Today marks the 10 year anniversary of two kids filing some paperwork at Western New England Law School. David and I were younger than the graduate students who were learning how to file for a business license, and I remember thinking that their suits didn’t fit them that well. They asked us to think about how we were going to split the shares. I don’t think we really understood what shares were. They tried to explain that if we were going to sell the business or one of us left then the shares would be really important. We didn’t think too highly of either of those options. So we split them 67% to David and 33% to me. Neither of us had any money or any idea how to run a business, so it didn’t seem that important. Most of the rest of the process was stacks of pages that needed to be approved and signed. I did my best to read them through — a practice I still do with all our legal paperwork.
In the beginning, every idea and every design felt like our best thing yet. We stayed up until 3 and 4 in the morning working on the next design so that we could bring the sample to NYCC and show it off. I distinctly remember that I lost weight before the company’s first time trip to NYCC, because I was working so much and would forget to eat. For a hobbit like me, this is a big deal. The following year we only stayed up until 2am the night before NYCC. I think the year after that maybe it was midnight. Little by little we became better at planning our time, and we became realists. Sometimes I miss the days of headlong enthusiasm, although I don’t think I could live through them now. That’s the sort of thing that is made for a 22 year old.
I’ve written a lot of retrospectives in the 10 years that Volante Design has been around. I’ve referred to this business as my kid, as my obsession, as a passion, as a calling, as a community. What really stands out to me now is the difference from one year to the next. It feels a little like watching a tree grow. If you walk by it everyday on your way out the door it changes with the seasons, but you barely perceive the changes that happen year over year. When you look back at a photo of your house 10 years ago, that tree looks totally different. Only with that perspective can you really appreciate what has passed.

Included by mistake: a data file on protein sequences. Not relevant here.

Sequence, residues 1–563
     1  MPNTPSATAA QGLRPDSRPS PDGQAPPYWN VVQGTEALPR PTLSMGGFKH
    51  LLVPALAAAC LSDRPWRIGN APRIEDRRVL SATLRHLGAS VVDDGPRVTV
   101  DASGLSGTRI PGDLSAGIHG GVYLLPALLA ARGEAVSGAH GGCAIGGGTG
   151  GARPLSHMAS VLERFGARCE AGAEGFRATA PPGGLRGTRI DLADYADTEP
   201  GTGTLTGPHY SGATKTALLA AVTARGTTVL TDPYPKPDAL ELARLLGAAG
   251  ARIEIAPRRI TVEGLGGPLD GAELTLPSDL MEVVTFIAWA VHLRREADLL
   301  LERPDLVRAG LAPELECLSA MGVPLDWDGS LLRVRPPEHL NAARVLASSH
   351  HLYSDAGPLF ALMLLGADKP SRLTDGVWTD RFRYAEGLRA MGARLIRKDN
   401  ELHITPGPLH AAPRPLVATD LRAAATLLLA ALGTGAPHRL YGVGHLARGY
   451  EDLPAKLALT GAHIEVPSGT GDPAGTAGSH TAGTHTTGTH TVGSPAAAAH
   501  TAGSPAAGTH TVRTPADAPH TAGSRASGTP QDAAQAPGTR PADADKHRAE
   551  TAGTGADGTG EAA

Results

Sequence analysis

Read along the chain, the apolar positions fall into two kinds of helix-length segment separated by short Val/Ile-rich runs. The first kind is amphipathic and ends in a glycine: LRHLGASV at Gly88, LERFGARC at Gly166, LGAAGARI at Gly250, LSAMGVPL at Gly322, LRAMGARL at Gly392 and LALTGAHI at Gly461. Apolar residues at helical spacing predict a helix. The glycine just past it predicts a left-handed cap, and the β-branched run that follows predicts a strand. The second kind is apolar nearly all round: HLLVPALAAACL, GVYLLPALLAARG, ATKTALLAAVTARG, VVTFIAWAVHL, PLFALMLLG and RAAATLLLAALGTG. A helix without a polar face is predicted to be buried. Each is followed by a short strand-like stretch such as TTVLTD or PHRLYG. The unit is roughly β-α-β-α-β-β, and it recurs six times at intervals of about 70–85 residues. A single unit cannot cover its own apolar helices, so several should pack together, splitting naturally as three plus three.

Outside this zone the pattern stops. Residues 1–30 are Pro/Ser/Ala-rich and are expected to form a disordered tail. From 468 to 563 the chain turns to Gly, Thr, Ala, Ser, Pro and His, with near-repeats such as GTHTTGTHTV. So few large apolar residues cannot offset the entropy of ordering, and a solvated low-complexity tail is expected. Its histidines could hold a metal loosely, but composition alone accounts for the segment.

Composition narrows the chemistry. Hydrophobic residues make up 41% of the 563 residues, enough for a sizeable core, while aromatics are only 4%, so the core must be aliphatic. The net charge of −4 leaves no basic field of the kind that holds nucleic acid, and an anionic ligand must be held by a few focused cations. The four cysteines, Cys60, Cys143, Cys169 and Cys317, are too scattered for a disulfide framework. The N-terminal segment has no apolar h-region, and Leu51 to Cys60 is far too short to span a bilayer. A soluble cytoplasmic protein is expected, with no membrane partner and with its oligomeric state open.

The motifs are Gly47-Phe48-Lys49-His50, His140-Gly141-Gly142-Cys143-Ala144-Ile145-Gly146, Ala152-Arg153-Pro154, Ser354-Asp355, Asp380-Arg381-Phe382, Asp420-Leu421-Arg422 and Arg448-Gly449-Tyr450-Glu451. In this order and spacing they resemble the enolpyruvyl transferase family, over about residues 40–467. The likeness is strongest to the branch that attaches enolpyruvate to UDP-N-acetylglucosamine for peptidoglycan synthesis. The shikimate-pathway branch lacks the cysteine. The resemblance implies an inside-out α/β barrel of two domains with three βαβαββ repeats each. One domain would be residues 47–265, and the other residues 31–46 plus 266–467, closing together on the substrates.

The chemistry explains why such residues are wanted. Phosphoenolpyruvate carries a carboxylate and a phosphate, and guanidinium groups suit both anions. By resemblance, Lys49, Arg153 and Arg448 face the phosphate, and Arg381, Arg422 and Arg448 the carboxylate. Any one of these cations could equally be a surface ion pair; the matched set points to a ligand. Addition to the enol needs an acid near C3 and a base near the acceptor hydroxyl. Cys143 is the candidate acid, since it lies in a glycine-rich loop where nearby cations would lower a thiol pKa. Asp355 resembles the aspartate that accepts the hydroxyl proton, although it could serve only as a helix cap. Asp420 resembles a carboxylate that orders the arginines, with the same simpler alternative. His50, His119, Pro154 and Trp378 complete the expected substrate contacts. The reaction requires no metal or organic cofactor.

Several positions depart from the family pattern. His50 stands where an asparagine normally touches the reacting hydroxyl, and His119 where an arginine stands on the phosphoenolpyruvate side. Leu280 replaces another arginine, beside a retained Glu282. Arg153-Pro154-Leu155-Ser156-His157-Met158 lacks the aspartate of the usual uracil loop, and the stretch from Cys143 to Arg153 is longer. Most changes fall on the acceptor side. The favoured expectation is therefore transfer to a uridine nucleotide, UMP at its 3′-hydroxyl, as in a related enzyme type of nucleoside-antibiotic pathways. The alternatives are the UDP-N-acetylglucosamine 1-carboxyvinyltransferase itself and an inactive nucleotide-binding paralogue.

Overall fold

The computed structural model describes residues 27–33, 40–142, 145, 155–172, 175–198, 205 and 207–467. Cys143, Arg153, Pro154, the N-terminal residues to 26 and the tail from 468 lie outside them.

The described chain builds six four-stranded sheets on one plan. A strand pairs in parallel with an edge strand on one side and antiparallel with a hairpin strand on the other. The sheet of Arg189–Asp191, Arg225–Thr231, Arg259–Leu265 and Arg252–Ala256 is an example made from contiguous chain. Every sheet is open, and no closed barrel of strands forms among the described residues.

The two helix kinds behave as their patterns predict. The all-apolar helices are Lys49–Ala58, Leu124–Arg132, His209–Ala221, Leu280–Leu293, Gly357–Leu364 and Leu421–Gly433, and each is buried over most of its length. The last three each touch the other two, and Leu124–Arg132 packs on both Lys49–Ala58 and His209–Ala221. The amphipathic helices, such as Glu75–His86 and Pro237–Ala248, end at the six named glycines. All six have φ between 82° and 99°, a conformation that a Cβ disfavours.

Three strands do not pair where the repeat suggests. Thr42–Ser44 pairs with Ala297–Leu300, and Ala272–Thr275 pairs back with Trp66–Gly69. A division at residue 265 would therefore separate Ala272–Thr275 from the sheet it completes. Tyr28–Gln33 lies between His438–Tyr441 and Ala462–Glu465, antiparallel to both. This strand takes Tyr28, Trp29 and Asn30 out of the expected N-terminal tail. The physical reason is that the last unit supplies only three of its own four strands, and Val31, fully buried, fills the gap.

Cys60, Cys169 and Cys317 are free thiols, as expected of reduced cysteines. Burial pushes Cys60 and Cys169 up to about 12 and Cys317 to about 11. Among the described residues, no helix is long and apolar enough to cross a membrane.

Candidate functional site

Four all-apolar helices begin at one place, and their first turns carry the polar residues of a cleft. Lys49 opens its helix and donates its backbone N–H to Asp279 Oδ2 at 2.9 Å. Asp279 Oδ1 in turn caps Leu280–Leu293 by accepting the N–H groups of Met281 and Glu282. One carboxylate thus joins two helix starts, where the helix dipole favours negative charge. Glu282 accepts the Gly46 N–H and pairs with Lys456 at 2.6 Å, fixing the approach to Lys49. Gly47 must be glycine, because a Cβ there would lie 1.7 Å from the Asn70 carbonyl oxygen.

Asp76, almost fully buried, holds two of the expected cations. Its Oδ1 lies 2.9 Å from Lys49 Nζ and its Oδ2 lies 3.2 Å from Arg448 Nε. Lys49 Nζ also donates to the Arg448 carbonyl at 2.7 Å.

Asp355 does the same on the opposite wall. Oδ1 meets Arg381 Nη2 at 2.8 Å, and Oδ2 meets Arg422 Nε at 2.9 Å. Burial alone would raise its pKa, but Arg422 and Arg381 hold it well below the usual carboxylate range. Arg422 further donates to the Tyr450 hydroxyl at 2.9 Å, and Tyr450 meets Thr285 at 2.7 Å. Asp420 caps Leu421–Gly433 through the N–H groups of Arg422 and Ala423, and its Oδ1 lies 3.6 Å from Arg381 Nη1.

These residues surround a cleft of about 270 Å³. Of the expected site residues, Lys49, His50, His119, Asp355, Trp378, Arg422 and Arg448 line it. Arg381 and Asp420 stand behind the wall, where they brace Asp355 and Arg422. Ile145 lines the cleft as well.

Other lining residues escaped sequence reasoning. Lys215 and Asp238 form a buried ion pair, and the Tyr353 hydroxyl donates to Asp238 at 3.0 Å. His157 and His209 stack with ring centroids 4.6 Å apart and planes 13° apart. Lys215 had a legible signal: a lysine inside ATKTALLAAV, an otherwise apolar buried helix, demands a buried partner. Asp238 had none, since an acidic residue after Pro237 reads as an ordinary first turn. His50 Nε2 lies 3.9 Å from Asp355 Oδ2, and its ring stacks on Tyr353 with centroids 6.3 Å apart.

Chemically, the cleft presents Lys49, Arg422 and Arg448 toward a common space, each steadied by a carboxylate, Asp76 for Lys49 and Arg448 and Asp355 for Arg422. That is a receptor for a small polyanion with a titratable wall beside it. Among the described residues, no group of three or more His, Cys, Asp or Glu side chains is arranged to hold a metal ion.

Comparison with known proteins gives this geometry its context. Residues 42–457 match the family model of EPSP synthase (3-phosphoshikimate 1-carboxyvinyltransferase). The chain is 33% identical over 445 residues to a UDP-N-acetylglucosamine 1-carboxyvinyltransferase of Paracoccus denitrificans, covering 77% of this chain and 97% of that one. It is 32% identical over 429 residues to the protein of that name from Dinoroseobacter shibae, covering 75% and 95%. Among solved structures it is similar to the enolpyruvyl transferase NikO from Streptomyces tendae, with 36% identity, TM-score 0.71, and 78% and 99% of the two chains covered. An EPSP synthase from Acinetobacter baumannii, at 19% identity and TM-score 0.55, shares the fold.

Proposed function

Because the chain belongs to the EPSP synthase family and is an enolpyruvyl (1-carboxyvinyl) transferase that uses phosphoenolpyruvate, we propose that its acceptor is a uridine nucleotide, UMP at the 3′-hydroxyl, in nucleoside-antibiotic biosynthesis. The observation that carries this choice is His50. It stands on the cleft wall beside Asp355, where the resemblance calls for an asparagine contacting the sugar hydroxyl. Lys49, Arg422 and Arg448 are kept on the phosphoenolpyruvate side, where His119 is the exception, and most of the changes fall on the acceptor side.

This year the collective team stands out to me. Maybe it’s because I’ve had kids since last year, and maybe it’s because I’ve stepped down as Marketing Director so that I can be a better CEO. It’s no longer just David and me making the big choices. I find myself teaching more, doing less, trying to help others with the doing. I think this is how we grow. I think this is how we evolve. Maybe it took David and me being completely overrun with having twins to let other people help run our company. We’re trying to be an organization that can scale. One that has directors and leaders who can handle the key areas that David and I used to spend most of our time working on. It’s not easy to try and articulate why you would do it a certain way, and why these new leaders need to find a way to do it that’s right for them and still fits with the Volante Design we’ve spent all these years building. They need to find their own way to sit at the table. We are growing new muscles as a team. If you’d asked me five years ago if I thought we could share the management of certain aspects of Volante Design, I’d have said hypothetically yes, but I can’t imagine how we would get there.
It’s a new perspective to be removed a little from the day to day work of keeping things running. I am still helping to shape the company, less by writing individual posts and more by working on the future, the products, the big questions: how do we scale up, what’s missing, and what’s next? I hope I can do what this team needs from me. I hope I can grow to be the CEO that they need.
Maybe because the anniversary of Volante Design happens in the spring when the world is starting to blossom again, but it feels like an exciting time is right around the corner. We have made it through the winter and now we get to kick ass.
Volante Design, Inc.